Catalyst Paper disappointed with anti-dumping duty

Americans place 22.16 per cent anti-dumping duty deposit on some exports

Catalyst Paper, which owns the pulp and paper mill in Crofton, is disappointed with a recent decision by the U.S. Department of Commerce that will impose a large anti-dumping duty on the forest company.

The 22.16 per cent anti-dumping duty deposit is on the company’s exports of uncoated groundwood paper products, which is used to print newspapers, directories and catalogues, to American markets.

Uncoated groundwood directory paper was excluded from the duty.

The decision comes on the heels of the preliminary decision of the DOC on Jan. 9 that Canadian producers of uncoated paper are unfairly subsidized.

That means Catalyst, which exports a significant portion of its Canadian production to the U.S., faces countervailing duties of 6.1 per cent on its shipments to the U.S from that decision as well.

The DOC’s final determination of both the countervailing duty and anti-dumping duty is expected in August.

“We are very disappointed with this decision,” says Ned Dwyer, Catalysts’s president and CEO.

“This U.S. trade action is unwarranted and without merit. Even with the exemption of directory paper, the remaining anti-dumping and countervailing duties are onerous and a critical cost challenge for Catalyst. They pose a threat to our competitiveness and the sustainability of our business and we will continue to vigorously defend ourselves against them.”

Bruce Ralston, B.C.’s Minister of Jobs, Trade and Technology, said the province is “extremely disappointed” that the current U.S. administration has, once again, made the decision to impose unfair tariffs, this time on B.C. newsprint producers.

He said the workers in Catalyst mills can be sure that the government will be standing shoulder to shoulder with them.

“We will fight for their jobs, their industry and their communities,” Ralston said.

“We will not be bullied. We will not be pushed around. We will work closely with Catalyst and the federal government to fight this preliminary decision by the DOC, and demand that B.C. is treated fairly by its largest trading partner. People in B.C. can count on this government to fight for their jobs and their industries whenever they are threatened.”

Alistair MacGregor, MP for Cowichan-Malahat-Langford, said that an estimated $64 billion dollars could be lost and half a million Canadians could see their job impacted by the imposed tariffs and duties from the U.S.

“Yet, the federal government remains silent and has so far failed to come to the defence of the thousands of workers in British Columbia who will be negatively impacted,” he said.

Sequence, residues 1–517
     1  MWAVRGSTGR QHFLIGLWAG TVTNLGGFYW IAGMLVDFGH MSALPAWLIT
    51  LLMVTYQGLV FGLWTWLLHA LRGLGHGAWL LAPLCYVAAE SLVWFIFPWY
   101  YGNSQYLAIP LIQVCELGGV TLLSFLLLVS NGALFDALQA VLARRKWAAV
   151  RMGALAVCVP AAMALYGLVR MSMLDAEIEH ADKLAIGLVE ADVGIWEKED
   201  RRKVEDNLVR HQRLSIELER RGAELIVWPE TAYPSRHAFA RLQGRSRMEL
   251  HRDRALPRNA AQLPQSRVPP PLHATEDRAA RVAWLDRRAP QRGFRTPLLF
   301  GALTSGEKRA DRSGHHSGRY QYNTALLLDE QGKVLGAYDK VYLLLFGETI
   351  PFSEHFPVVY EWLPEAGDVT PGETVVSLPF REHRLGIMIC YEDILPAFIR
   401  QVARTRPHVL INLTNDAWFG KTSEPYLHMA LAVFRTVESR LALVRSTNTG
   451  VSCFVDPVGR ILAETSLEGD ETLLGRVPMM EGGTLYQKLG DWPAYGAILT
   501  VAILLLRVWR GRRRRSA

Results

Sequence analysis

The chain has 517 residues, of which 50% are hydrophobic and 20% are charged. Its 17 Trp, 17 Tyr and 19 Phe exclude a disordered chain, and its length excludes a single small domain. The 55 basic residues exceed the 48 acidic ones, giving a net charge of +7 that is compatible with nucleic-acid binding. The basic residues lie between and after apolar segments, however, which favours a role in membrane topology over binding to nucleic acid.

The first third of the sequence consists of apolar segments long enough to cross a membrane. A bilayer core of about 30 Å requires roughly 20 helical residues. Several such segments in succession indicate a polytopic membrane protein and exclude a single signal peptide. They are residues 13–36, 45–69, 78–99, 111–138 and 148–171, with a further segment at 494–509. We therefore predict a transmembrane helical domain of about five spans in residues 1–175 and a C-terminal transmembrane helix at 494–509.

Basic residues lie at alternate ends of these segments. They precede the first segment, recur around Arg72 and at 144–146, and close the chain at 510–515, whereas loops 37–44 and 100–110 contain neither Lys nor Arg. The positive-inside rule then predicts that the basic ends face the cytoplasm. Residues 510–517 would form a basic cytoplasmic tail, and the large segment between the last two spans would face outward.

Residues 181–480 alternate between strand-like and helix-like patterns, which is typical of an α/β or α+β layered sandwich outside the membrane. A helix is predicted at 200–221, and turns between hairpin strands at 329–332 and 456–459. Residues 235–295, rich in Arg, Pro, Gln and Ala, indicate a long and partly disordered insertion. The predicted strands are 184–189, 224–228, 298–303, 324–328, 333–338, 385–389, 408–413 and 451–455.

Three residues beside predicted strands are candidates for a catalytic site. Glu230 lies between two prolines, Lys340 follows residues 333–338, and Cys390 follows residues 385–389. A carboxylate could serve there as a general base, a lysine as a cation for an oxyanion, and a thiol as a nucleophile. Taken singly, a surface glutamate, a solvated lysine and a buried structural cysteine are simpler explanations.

“The Liberal government must take immediate action to protect this sector from unnecessary hardship and job losses.”

The Crofton mill employs more than 570 people, while Catalyst’s Powell River mill has almost 450 workers.

In November, 2016, the DOC decided after a review that Catalyst’s exports of supercalendered paper into the U.S. market would not be subject to countervailing duties because the company received a negligible amount of subsidies during the applicable period of review.

RELATED STORY: CATALYST PAPER WINS FIGHT

Catalyst requested the review, which looked specifically at its production during 2014, after the DOC imposed countervailing duties on imports of supercalendered paper from Canada in December, 2015.

Catalyst was saddled with a countervailing duties rate of 18.85 per cent, and paid more than $18 million in duties and legal costs before the countervailing duties on the company were suspended.



robert.barron@cowichanvalleycitizen.com

Like us on Facebook and follow us on Twitter

Just Posted

Caps end road trip with loss to West Kelowna

Cowichan goes 2-1 on Interior jaunt

Drivesmart column: Fear of police retaliation

While I won’t say that this is impossible, I would certainly like to think that it is highly unlikely

Former Cowichan Capital helping create BCHL Alumni Association

Shayne Taker a driving force behind new initiative

Helpline means nobody in Cowichan has to face dementia journey alone

Someone might call in because they’re starting to see changes in themselves or someone close to them

Cowichan Div. 2 women out-paced in last match of 2018

Soccer team has second game of the weekend postponed by weather

VIDEO: Cobble Hill welcomes Christmas with frolicsome show

From lovely carols to humorous skits: a big crowd enjoyed it all on Sunday, Dec. 9

Coming up in Cowichan: Celebrate the second floor with the HUB

Celebrate the second floor this weekend at HUB at Cowichan Station Dec.… Continue reading

Microscopic parasite found in Prince Rupert water affecting thousands

More than 12,000 residents affected by the boil water advisory issued Dec. 14

Trudeau lashes out at Conservatives over migration “misinformation”

Warning against the “dangers of populism,” Trudeau says using immigration as a wedge political issue puts Canada’s future at risk.

B.C. hockey coach creates ‘gear library’ to remove cost barrier of sport

Todd Hickling gathered donations and used gear to remove the cost barrier for kids to play hockey.

GoFundMe helps Vancouver Island teen battle a rare cancer

Nanaimo’s Michelle Reilly, 16, battling spinal cord cancer, seeking possible treatment in U.S.

Canada’s ambassador meets with second detainee in China

Global Affairs says John McCallum, Canada’s ambassador to China, met with Spavor Sunday

‘They’re coming:’ Flying cars may appear in urban skies by 2023

Air taxis will number 15,000 and become a global market worth $32 billion by 2035

B.C. VIEWS: Andrew Wilkinson on taxes, ICBC and union changes

Opposition leader sees unpredictable year ahead in 2019

Most Read